I was used to visiting her in that neighborhood when I was young and can remember getting on the BART train in Fremont and riding to Bayfair Mall in San Leandro. That ride was about 25 minutes. Then, from there I walked from the mall to my mom’s house which is a straight shot down East 14th and just under 2 miles away. I can remember doing this as young as 12 years old and I often had my younger sister with me.
My mom always seemed to be in a time warp. It was like she didn’t realize that more than 30 years had passed and that the area was no longer the safe, suburban neighborhood she knew in childhood. It was not a place most people would let their kids walk alone, especially two young daughters. We did it all the time and at all hours of the day and there were no cell phones back then to call for help. No one ever thought twice. Today, when people ask me if I’m afraid of being an Uber driver, I laugh and say no. I just flashback to the drive by shootings and robberies that I witnessed many times in my life. An unruly Uber rider is a walk in the park, even the drunks. I am prepared to handle myself, no problem.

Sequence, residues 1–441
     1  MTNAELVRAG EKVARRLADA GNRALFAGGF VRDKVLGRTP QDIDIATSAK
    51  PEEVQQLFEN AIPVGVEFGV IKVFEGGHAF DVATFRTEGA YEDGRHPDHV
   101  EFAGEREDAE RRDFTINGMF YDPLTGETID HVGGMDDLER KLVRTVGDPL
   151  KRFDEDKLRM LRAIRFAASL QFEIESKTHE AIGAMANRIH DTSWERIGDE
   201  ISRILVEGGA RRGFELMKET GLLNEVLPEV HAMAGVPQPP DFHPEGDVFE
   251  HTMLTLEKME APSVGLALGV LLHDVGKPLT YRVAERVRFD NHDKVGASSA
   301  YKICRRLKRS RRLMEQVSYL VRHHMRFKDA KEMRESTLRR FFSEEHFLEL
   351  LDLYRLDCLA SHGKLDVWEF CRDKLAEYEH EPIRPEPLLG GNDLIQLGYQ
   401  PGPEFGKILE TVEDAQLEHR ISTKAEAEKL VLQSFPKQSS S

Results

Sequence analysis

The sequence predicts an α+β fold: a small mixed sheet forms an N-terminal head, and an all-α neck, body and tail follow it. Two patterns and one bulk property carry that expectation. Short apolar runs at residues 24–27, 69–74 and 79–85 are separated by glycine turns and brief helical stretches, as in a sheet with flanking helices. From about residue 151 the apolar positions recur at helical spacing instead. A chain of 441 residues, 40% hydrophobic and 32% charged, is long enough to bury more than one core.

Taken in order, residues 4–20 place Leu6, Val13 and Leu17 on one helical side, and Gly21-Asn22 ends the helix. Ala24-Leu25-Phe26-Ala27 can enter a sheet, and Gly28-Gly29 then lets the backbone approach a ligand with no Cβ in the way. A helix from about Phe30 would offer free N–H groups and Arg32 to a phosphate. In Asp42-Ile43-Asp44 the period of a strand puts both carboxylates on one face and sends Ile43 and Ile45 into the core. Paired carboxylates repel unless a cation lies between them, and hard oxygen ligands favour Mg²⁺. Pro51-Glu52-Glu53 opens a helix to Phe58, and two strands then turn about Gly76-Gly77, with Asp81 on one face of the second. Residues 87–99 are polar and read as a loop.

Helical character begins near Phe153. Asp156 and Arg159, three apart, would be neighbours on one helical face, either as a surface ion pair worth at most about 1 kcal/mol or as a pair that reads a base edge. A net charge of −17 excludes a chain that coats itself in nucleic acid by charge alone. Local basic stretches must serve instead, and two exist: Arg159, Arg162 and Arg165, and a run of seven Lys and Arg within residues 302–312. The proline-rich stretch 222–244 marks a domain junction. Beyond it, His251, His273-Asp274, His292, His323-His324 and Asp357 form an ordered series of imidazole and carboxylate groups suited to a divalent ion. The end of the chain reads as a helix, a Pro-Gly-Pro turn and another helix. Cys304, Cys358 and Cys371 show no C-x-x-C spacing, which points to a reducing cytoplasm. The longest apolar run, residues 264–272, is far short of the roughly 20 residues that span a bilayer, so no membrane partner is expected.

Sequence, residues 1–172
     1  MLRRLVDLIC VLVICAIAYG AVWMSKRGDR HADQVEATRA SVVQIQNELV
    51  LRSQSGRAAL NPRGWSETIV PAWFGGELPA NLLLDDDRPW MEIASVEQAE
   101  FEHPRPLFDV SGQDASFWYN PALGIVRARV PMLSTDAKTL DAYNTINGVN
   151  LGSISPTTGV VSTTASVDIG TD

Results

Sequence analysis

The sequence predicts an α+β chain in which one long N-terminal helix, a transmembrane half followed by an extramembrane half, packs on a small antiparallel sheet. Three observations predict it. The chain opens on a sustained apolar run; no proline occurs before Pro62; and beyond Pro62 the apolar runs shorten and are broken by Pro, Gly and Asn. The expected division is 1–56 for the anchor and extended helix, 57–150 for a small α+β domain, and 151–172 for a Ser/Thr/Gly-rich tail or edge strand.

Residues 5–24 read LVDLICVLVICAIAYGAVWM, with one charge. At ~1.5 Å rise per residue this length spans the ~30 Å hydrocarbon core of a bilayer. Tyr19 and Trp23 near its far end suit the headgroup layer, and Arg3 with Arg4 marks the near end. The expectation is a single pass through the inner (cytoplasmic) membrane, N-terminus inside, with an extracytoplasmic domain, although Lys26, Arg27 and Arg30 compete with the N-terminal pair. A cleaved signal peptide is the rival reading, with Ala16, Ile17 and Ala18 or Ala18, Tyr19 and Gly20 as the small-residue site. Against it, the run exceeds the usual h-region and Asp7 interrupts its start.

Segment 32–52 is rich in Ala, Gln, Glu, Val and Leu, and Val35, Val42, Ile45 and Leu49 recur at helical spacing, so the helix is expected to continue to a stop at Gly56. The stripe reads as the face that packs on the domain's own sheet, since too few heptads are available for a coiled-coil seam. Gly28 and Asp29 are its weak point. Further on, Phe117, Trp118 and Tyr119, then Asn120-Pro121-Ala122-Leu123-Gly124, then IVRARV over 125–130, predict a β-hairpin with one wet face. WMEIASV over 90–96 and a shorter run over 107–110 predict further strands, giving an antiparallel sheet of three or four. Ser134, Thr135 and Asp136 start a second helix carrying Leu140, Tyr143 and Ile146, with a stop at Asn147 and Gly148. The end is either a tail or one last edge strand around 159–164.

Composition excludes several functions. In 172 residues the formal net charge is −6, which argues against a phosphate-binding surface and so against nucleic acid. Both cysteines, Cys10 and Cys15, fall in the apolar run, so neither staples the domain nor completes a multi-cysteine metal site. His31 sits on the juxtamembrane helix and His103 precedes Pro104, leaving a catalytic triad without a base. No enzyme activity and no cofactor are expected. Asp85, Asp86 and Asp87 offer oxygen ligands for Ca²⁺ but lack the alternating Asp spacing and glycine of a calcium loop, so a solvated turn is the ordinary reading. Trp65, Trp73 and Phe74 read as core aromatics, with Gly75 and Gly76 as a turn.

The upstairs of her newest rental home was more like an attic, turned loft where the walls were only about 3’ high and went to a slant toward the ceiling. Walking around up there meant bending completely forward so you wouldn’t bump your head on the slanted walls. It could easily have been divided into 2 rooms due to the layout but my sister and I had a hard time sharing space anywhere, much less in a room where one of the rooms was the entry to the other giving neither of us personal space. The entire upstairs was hers before I came to stay.
She was 16 by this time and I was not quite 21. I had “my half” of the loft but nothing was ever sacred. She helped herself to anything she wanted, despite my protest, and no one said boo about it. She stole money that I worked hard for. The most devastating was trying to recover from the theft of 6 months’ worth of a car insurance payment. I lost sentimental jewelry from my grandmother that I can never replace. She didn’t care about my clothes because by this time I was about 260lbs and she was always very thin so my clothes didn’t fit her. Same with shoes. We didn’t fight over the common stuff like that. Our issues were bigger.